What happens when THG’s founder Matt Moulding meets New York-based hedge fund Quintessential Capital Management (QCM)?
The answer is a spectacular war of words that has played out on social media over the weekend and got everyone talking.
At one point the hedge fund claimed short-selling was a good thing – prompting Moulding to reply: “Trying to argue your actions against LSE companies are a force for good is like a house burglar arguing he’s helping to declutter homes!”
The row has been extensively covered by BusinessCloud and at the heart of the row is Cambridge cyber security firm Darktrace, which was the subject of a highly critical 70-page report by QCM in January this year.
At the time the short seller said it was ‘deeply sceptical’ about Darktrace’s financial statements to shareholders.
It claimed Darktrace had included “simulated or anticipated sales to phantom end-users through a network of resellers” in its figures – something the company strongly refuted.
QCM is a short seller, meaning investors profit if the value of an asset falls.
Darktrace commissioned an independent review by EY into the allegations.
Although the EY investigation reported “a number of areas already known to Darktrace where systems, processes or controls could be improved” it found no evidence of fraud.
That looked like it was end of the matter but the row exploded over the weekend when Moulding broke off from his summer holiday to criticise QCM’s ‘attack’ on Darktrace in his latest LinkedIn blog and called on UK regulators to take action on hedge funds.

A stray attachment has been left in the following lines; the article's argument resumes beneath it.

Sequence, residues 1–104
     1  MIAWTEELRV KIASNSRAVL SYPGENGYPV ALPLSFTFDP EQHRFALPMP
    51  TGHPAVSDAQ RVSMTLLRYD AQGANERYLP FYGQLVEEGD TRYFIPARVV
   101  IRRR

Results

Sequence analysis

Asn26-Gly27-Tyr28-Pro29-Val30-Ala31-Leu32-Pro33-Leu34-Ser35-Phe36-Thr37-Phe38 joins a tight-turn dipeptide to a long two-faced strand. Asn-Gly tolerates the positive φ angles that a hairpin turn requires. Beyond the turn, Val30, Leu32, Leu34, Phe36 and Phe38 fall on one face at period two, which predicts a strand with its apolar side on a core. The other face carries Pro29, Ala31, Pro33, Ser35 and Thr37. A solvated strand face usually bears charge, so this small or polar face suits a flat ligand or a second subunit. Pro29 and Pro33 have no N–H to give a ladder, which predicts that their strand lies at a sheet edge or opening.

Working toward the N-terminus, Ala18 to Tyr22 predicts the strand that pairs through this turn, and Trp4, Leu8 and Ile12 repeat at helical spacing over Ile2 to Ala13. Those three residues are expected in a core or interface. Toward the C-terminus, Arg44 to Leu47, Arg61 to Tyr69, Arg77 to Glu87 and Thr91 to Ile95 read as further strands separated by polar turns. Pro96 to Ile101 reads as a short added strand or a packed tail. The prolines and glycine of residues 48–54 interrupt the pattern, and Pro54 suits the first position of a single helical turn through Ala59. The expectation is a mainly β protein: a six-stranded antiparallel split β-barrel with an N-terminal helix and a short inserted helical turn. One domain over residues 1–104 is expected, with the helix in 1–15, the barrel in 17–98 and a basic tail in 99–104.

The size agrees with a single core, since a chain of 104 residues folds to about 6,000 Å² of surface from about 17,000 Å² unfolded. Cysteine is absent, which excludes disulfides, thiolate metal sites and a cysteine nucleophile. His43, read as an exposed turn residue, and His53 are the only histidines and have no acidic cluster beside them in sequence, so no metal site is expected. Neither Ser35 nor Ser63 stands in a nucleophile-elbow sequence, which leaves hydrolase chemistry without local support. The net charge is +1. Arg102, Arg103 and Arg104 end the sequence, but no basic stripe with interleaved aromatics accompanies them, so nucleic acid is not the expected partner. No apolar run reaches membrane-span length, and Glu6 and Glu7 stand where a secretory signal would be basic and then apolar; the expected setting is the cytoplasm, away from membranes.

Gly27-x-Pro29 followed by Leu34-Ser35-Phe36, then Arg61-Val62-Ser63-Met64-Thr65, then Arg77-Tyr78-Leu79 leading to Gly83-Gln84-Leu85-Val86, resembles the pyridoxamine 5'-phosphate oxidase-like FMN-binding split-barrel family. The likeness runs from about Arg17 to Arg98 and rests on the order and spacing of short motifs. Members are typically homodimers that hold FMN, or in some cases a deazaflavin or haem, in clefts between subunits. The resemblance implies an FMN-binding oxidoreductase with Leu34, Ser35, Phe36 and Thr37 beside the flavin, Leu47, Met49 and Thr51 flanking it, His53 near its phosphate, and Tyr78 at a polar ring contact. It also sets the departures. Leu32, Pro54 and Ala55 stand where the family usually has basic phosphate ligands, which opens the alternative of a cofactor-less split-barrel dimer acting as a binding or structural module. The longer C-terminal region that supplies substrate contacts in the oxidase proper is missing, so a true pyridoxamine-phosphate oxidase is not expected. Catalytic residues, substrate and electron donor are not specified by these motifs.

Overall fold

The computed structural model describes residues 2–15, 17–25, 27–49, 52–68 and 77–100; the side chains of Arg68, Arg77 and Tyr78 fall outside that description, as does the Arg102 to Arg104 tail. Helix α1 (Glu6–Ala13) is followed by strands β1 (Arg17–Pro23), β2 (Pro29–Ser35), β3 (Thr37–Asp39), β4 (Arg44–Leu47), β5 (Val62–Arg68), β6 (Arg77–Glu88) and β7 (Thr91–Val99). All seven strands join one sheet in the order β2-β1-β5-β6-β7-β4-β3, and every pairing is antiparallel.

He wrote: “Through wild claims they create fear, panic and a stampede, making shares plummet.”
That probably would have been the end of the matter but for the fact Gabriel Grego, founder of QCM, hit back over Moulding’s claims in an email to BusinessCloud.
He posted the same response on Moulding’s LinkedIn blog – prompting an extraordinary public spat that resulted in a surge in popcorn sales.
In his email to BusinessCloud, Grego said he wanted to clarify ‘our stance’ and ‘correct some misunderstandings’.
Grego wrote: “We echo Mr Moulding’s concern for integrity in the market, but it’s essential to note that the EY report, despite our vocal requests, has not been made public.
“The conclusions shared were made by Darktrace insiders, thereby lacking the impartiality necessary for transparent evaluation.
“Contrary to the recent narrative, none of the facts highlighted by QCM have been refuted. Darktrace’s response seems to minimise the impact of our findings rather than directly addressing them. Our investigation was conducted with diligence and responsibility, aimed at upholding market integrity.
“The acknowledgment of irregularities and areas for improvement in Darktrace’s systems, processes, or controls further emphasises the legitimacy of our concerns. These findings should not be disregarded but rather thoroughly investigated by relevant authorities.”
Grego also hit back at Moulding’s accusations of short selling and had a clear dig at THG’s own falling share price since it listed.
In 2020 THG floated on the stock market to much fanfare at a share price of 500p. It currently stands at 87p.
“While we understand THG’s frustrations regarding short sellers, it is essential to recognise the vital role that short selling plays in market efficiency and price discovery,” said Grego.
“The short thesis on THG’s stock, validated by a significant drop in its value, reflects underlying concerns that cannot simply be attributed to malicious intent.
“In conclusion, Quintessential Capital Management remains committed to responsible investing and deep due diligence.